In any HMO the interest "is to hold down health costs because unless they do so the HMO is going to go out of business," Justice David H. Souter said during arguments in a case brought by a woman who blames her ruptured appendix on inadequate care.
Such financial incentives are "the scheme that Congress has authorized," added Justice Sandra Day O'Connor. "Why should the courts get involved in this messy business" of deciding whether some financial incentives go too far?
James P. Ginzkey, the Illinois woman's lawyer, said he was not asking the court to outlaw all physician incentives. But lawsuits should be allowed, he said, when such financial bonuses reach "the level of undue influence so that it affects patient care."
Carter G. Phillips, the lawyer for the organization sued by Ginzkey's client, argued that the Carle Clinic Association was a "plain vanilla" type of HMO and that allowing a lawsuit against it would make all such organizations vulnerable.
"It is no exaggeration to suggest that the future of medical care in its delivery and its regulations are implicated" by this case, Phillips said. "If Carle's setup violates (federal law) then all managed care does as well."
Phillips added that patients have "perfectly valid remedies" in state court and that an expansion of the right to sue under federal law would undercut those remedies.
Cynthia Herdrich of Bloomington, Ill., collected $35,000 in damages under state medical malpractice law.
But she is challenging the common HMO practice of paying bonuses to doctors who manage to cut costs.
In a lower court, her lawyers won the right to sue her HMO because a delayed diagnosis made her burst appendix more severe.
Justice Stephen G. Breyer said he found it "hard to believe" that when Congress passed a 1974 law governing employee benefits, it "wanted to gut its own HMO legislation," passed a year earlier, by allowing lawsuits over financial incentives used by HMOs.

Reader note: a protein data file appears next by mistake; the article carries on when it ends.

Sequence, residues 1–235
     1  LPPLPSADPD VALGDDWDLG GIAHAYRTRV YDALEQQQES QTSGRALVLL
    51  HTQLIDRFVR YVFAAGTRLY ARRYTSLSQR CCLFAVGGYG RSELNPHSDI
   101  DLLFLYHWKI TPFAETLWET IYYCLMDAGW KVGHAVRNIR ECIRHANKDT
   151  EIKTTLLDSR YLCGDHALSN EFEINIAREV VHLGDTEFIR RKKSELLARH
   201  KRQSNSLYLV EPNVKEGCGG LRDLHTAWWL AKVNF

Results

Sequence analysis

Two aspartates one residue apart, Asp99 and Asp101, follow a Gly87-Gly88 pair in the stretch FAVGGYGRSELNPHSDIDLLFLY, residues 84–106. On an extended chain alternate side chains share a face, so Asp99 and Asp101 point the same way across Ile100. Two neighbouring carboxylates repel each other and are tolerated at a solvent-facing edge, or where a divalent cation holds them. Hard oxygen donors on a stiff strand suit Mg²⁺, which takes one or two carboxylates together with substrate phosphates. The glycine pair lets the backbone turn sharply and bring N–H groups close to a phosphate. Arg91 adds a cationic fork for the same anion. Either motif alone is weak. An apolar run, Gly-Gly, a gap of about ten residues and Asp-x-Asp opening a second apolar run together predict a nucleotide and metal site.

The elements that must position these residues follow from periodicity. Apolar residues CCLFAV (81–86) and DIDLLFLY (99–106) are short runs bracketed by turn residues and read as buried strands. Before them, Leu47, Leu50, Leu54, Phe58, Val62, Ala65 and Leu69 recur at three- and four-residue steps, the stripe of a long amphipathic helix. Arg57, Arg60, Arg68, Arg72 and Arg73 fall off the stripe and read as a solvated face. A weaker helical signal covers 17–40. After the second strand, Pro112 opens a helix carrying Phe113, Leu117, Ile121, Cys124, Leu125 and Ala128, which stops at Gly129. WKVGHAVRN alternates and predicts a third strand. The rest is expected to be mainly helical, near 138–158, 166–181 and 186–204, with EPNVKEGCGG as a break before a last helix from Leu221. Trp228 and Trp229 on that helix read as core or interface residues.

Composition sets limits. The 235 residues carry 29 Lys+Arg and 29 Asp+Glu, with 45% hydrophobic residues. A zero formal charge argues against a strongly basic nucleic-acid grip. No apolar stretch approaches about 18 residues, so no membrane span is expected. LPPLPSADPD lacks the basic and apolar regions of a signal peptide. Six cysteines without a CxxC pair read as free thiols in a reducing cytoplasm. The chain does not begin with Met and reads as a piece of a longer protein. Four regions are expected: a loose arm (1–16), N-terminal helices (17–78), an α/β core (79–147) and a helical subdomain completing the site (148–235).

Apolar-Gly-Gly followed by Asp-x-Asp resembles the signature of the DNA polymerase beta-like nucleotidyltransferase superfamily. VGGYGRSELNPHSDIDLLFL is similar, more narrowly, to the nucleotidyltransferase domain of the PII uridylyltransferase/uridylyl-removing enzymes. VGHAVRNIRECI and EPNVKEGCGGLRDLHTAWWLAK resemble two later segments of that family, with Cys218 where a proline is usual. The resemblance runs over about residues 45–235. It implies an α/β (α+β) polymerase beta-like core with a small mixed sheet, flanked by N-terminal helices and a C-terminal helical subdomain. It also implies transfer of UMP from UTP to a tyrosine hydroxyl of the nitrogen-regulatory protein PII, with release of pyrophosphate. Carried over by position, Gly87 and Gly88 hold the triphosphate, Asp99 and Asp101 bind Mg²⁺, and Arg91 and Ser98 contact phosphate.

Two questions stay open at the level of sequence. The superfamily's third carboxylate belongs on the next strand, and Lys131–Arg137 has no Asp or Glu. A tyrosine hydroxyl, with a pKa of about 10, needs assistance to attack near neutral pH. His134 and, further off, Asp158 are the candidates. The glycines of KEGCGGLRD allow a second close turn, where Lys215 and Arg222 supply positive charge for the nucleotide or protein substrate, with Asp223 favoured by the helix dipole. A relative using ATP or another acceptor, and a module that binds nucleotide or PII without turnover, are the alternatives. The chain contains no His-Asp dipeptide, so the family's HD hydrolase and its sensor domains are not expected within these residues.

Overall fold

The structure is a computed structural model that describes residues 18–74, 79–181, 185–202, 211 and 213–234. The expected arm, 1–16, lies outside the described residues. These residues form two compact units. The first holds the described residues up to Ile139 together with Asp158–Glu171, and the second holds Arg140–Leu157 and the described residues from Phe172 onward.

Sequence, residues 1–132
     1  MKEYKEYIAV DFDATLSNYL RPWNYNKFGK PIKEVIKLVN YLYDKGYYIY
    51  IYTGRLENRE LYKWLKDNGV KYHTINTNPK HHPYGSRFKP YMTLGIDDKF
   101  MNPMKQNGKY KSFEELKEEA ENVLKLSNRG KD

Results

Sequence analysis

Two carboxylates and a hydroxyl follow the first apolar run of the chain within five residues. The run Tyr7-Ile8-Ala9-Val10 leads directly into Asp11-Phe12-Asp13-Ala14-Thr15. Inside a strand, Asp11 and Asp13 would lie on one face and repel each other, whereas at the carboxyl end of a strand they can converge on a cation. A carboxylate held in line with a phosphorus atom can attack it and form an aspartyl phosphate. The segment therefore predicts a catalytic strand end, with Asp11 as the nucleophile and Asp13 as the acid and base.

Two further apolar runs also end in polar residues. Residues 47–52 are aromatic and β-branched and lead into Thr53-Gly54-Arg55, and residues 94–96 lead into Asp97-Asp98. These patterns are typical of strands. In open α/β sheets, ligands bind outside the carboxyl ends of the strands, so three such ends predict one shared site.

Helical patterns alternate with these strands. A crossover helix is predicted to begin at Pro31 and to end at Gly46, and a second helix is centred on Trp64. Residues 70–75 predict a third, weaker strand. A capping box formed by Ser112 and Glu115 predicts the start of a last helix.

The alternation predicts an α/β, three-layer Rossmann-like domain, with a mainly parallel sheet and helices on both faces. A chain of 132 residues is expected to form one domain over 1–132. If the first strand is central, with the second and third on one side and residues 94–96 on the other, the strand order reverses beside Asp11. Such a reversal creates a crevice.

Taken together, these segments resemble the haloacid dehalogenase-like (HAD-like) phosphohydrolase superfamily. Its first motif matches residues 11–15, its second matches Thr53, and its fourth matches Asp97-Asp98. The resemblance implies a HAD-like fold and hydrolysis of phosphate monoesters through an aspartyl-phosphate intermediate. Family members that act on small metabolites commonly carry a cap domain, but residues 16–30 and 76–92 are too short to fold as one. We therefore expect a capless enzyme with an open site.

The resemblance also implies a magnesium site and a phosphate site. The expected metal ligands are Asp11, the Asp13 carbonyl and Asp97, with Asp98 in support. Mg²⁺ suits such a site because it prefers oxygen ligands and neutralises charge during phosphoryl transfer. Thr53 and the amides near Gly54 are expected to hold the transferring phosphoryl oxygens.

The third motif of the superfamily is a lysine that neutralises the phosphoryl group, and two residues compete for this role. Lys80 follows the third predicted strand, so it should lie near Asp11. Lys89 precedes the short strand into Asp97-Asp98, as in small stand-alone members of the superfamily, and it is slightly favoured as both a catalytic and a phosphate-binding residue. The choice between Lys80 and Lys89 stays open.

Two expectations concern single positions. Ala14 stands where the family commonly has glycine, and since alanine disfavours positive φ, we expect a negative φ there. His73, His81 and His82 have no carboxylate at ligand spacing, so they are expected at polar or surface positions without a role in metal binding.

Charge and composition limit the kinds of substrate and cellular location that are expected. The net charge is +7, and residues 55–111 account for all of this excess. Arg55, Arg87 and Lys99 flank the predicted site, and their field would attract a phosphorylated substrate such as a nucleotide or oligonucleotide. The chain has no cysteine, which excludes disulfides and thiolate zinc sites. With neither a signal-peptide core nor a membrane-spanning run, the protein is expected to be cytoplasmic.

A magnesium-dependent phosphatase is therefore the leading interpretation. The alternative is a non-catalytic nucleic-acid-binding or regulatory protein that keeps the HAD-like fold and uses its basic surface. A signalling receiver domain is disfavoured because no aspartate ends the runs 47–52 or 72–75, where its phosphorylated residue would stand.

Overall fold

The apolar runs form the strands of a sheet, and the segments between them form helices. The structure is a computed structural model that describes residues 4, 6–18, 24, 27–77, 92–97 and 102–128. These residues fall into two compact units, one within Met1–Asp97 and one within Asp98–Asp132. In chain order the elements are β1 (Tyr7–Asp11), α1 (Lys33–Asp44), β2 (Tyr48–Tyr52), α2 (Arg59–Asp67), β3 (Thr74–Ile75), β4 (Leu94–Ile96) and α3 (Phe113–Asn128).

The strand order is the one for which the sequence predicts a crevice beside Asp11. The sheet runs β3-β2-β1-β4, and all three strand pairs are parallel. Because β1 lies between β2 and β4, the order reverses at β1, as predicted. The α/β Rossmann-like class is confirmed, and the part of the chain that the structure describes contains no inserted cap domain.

Breyer asked Ginzkey how courts should decide which financial incentives would be allowed and which would not. Ginzkey said it may have to be decided on a case-by-case basis.
A decision in the case is expected by July.
The case stakes out one of many fronts in the war over managed care. Other lawsuits against HMOs accuse them of violating a racketeering law by concealing financial incentives provided to doctors to hold down treatment costs.
Some states have decided to let patients sue HMOs, and Congress is considering patients' rights legislation that could set new standards for managed care and might allow patients to sue their HMOs.
At issue in today's case is how HMOs are affected by a federal law that governs employee benefit and pensions, the Employee Retirement Income Security Act. The law requires employee-benefit plan managers to act solely in beneficiaries' best interest.
Herdrich's lawsuit said her appendix ruptured in 1992 because her doctor at Carle Clinic delayed diagnostic tests for eight days so the tests could be performed at a facility owned by the HMO. She was awarded $35,000 for medical malpractice under state law.
Herdrich also alleged that Carle Clinic, which is owned by its doctors, violated its duty to act in beneficiaries' interests by giving doctors financial rewards to minimize costs.
A federal appeals court dismissed that claim, but the 7th U.S. Circuit Court of Appeals said the issue could go to trial.
Carle Clinic argues that it cannot be sued under the federal law because its doctors do not act as plan managers. It cannot violate ERISA to operate a health plan through a design that uses cost-containment measures, the health plan argues.
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